The comments are understood to have been posted in late September 2013 on a political Facebook page, with the conversation initially started with a post discussing comments made by Minister Dunkley about drug testing MPs.
The comments — which appear to still be publicly accessible on Facebook –started out with Mr Bean saying the “this motion is solely the doings of Minister Dunkley [the irony].”
It went on to say, “If, the motion is about standards, then it should be based on being honourable [being honest]. That said, we should have lie detector test as a start. Lord knows we would not have a sitting Parliament.”
The Opposition Leader also said MPs “are not angels, far from it,” and made a number of other comments, including a reference to the video made by former Police Officer Larry Smith, in which he discussed the past case which saw two men convicted of drug charges.
In 2005, two men were jailed after being convicted of trying to smuggle drugs in through a Dunkley’s container. Minister Dunkley is reported to have assisted the police in the investigation, and also served as a key prosecution witness.
After the video appeared, the police released an official statement in 2007 saying: “Contrary to a published video feed that is presently appearing on the website YouTube by ex Superintendent Larry Smith, the matters that he is referring to in the case of the Crown vs. Flood and Madeiros were fully investigated and adjudicated in a court of law and as far as the Bermuda Police Service is concerned, that matter is officially closed.”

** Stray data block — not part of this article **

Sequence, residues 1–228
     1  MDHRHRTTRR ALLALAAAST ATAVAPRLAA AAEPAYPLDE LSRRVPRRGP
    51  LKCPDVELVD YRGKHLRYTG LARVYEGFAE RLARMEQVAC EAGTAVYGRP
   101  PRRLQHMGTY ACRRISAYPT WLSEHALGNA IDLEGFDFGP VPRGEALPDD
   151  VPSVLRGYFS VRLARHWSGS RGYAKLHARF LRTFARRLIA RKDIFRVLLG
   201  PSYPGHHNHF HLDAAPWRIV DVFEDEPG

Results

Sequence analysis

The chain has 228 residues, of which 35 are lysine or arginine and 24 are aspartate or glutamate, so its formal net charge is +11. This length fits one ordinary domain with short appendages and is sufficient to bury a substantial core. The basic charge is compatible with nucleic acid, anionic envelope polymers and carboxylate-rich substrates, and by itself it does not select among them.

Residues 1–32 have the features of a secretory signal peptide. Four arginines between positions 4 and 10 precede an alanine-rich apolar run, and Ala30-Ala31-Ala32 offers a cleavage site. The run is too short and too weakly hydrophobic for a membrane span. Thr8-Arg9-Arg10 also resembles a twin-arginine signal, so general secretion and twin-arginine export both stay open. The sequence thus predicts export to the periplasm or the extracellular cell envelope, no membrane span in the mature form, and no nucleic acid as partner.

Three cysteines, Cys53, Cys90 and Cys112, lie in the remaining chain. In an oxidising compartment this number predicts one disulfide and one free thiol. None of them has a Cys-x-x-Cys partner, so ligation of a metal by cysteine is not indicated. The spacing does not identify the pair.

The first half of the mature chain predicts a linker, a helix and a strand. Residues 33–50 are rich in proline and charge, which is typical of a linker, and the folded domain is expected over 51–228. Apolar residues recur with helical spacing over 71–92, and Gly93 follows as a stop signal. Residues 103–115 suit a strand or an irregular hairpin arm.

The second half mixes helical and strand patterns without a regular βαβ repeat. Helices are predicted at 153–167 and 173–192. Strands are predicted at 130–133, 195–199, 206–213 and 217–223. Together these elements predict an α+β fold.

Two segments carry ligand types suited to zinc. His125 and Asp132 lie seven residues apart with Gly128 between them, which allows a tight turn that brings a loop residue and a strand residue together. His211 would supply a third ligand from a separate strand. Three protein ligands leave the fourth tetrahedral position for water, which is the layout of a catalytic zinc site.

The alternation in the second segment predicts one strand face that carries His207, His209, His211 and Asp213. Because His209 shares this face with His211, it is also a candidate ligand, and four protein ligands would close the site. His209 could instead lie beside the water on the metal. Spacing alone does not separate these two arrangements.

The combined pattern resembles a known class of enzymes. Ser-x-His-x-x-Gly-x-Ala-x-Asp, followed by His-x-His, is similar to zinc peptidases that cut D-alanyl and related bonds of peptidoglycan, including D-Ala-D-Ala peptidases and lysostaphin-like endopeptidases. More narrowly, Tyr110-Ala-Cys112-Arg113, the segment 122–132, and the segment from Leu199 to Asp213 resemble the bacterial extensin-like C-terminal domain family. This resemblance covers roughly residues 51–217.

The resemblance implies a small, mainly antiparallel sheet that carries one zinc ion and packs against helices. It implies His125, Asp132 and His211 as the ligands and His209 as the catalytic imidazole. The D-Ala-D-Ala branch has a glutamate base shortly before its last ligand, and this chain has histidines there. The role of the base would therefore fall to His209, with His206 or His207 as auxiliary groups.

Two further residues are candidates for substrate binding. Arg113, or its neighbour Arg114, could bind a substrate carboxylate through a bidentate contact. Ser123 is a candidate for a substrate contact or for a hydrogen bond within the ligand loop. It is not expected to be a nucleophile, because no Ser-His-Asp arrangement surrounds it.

It is understood that there may have been some form of communication between the two parties about the comments prior to the legal action, and after it was not resolved, Minister Dunkley is said to have started some form of legal action for defamation, with the papers being filed a few days ago.
The Opposition has a number of lawyers among their ranks, and unofficial reports suggest Mr Bean may be receiving legal advice from within the party.
As people continue to turn more to digital communications, legal issues surrounding online and social media comments are becoming more common both around the world and in Bermuda.
Past situations involving Facebook include a police officer attempting to take action following comments made on Facebook by a leading local lawyer, and a recent court case seeing a man charged for allegedly trying to solicit young girls on Facebook.
During a Supreme Court trial for attempted murder an 84 page printout of the victim’s Facebook page was produced and part of the cross examination centered on how many “friends” the victim had on Facebook.
In addition, there was the recent situation where an MP claimed her Facebook page was hacked and the police were investigating, and of course the now infamous situation where an escaped prisoner updated his Facebook while on the run.
For anyone interested in the possible legal ramifications of posting on social media, an article we posted last year [which has no direct relevance to this case or any other] offers an overview provided by a local lawyer.